Once when I picked her up at Meadowood in St Helena where she often stayed, I had to do a little domestic business before we took off for a small lunch with some important people she had to meet with.

My wife, Susan, was back East on business, and I was managing our 11 year old son’s days during the summer break. Cooper had slept in and upon waking need the info on what I had cooked for him.

I got him on the phone on the car speaker and started with my brief instructions. Once Julia sized up my situation, she asked him, “Cooper, can you join us for lunch?”

There was a long pause at both ends.

It was my turn. “Cooper, Julia’s invited you to join us if you’re up to it. Would you like to come?”

“Yes,” he replied. He was earnest, interested.

“Then quickly put on same khakis and a dress shirt, and we’ll pick you up in five minutes.”

He was ready when we got there, and carried on a very good conversation with Julia on the drive. I think I talked little. He sat next to Julia during the multi-course lunch (I don’t remember anything but multi-course when dinning with her – everyone wanted to show off), and I think Julia talked more to him then she did any of our other lunch guests. She was sincerely interested in what he was interested in, what food he liked, what he wanted to do. It was an enchanting lunch he never forgot, nor did I.

Several years later, Susan and I were in the Sierras on an escape vacation, away from TV and the world. One morning Cooper called me. His voice and demeanor when I answered were very serious, which immediately concerned both of us.

“Dad, I don’t know if you heard yet. Julia passed away,” he said. We talked about her briefly, and I reminded him of how many people she had touched in her lifetime, but I really didn’t need to. He had known, and was inspired by her curiosity and interest in his life. He was like so many others whose lives were changed in small to large ways by her interest in them.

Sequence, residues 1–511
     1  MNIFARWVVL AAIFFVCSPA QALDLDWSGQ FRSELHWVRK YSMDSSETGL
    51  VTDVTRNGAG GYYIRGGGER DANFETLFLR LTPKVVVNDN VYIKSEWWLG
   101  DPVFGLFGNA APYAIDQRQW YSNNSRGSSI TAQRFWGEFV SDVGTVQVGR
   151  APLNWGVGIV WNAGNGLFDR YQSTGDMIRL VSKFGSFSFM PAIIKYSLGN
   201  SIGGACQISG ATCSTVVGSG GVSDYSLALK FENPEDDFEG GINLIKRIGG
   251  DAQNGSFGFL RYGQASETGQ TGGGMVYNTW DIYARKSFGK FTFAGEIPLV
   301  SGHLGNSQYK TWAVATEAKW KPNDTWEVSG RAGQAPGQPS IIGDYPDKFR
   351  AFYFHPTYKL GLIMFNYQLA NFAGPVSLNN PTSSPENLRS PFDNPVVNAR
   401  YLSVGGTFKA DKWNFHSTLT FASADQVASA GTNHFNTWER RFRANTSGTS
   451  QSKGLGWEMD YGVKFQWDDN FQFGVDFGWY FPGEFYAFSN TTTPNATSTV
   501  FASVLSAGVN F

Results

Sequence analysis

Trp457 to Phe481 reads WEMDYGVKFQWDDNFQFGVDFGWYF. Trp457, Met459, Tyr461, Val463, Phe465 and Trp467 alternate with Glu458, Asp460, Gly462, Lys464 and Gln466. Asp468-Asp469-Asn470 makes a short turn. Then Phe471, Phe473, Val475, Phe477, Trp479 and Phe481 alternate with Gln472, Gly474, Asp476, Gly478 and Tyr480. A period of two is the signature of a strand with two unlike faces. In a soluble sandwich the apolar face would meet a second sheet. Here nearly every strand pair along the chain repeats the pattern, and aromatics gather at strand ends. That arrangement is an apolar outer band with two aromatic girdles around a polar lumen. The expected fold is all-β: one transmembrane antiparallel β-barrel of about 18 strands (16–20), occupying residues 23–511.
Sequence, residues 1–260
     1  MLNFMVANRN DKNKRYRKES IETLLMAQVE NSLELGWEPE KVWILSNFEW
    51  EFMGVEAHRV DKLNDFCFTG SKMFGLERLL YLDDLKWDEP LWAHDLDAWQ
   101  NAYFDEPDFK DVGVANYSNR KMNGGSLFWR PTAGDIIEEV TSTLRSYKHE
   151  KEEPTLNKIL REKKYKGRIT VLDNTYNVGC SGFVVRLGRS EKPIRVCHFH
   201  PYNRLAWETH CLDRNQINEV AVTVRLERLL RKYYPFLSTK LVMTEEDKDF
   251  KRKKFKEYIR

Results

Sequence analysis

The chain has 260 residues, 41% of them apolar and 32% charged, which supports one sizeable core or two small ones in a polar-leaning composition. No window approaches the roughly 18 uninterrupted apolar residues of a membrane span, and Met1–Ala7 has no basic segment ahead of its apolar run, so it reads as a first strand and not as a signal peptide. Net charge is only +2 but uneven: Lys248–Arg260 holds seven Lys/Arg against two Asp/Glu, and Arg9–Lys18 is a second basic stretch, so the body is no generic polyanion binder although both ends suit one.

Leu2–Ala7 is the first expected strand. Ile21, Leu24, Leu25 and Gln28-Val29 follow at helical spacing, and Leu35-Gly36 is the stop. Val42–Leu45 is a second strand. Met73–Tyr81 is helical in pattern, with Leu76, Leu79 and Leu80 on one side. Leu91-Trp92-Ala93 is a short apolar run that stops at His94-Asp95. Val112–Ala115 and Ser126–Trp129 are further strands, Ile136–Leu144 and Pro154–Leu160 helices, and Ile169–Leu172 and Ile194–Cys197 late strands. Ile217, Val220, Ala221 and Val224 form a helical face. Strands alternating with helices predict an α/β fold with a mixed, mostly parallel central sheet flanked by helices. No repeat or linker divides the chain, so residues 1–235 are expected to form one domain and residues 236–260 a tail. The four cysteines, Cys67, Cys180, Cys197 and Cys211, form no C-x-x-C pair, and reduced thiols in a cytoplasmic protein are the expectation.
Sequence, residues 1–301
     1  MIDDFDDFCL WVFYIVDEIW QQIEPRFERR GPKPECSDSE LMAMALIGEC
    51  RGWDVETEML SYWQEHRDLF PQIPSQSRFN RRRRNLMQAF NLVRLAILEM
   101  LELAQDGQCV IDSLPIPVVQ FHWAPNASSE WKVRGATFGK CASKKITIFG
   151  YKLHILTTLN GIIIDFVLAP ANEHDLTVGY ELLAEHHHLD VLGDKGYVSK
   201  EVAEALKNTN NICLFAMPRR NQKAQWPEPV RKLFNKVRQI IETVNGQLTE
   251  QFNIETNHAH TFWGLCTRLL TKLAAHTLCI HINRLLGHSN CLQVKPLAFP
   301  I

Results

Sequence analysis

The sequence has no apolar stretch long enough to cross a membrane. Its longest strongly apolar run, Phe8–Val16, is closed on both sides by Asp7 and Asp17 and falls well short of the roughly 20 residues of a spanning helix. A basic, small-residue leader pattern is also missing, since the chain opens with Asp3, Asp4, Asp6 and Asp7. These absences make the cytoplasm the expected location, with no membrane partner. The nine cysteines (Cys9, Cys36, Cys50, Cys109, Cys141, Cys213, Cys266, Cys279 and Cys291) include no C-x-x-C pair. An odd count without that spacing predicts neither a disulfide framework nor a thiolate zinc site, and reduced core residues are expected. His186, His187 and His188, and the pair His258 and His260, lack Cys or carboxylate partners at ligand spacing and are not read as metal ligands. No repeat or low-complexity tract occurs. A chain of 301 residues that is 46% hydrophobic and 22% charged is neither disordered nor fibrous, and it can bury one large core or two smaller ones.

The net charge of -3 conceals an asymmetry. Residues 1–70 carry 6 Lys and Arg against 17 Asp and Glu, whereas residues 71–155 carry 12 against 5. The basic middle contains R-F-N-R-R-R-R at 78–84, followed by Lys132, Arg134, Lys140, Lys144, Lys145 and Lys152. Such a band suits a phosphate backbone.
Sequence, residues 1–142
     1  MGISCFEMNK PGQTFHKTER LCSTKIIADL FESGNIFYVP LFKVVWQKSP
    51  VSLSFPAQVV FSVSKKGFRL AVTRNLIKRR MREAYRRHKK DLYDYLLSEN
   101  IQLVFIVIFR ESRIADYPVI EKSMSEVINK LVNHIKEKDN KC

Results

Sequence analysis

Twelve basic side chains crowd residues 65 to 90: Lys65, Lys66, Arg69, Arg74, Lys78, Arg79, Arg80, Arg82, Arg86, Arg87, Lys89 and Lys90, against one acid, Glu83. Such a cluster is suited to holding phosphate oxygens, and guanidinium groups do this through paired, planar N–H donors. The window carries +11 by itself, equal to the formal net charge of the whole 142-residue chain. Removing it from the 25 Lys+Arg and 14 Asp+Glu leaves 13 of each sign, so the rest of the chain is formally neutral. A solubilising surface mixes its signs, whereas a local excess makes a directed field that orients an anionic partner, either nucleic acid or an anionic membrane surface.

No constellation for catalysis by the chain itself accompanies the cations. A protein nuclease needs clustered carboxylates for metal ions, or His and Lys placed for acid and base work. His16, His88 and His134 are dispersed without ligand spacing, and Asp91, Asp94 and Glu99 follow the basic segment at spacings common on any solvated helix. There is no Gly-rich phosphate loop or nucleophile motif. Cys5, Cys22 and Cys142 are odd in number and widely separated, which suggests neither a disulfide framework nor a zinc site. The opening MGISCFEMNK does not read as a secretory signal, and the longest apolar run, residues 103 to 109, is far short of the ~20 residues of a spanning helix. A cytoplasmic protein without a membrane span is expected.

Occasionally when I talk to groups, I mention mentors I’ve had in the past and present. Winemakers like Andre Tchelistcheff, my good friend Myron Nightingale, Bob Mondavi, and so many others in the early days. Now I listen to my winemaker Jeff Ames and his peers, Andy Erickson, Thomas Brown, and so many others. We ask questions. We get answers. We share information.

People often seemed surprised that after three decades of making wine myself and being such an avid student, I still relish learning more. There is still so much to learn. Winemaking is also winegrowing and if you combine them I will easily go to the grave someplace not far up on the learning curve.

They seem surprised, and then I tell them that I often run into people who ‘know everything about wine.’ This always gets a quiet room.

“Yes, they know everything there is and they have been in the game for five, maybe eight years,” is my honest observation. “Then if I run into them fifteen years later, they admit to knowing far less than they thought. Those that still ‘knew it all’ found another profession.”

Julia, thank you for inspiring me to continue learning, growing, and staying challenged. Cheers.

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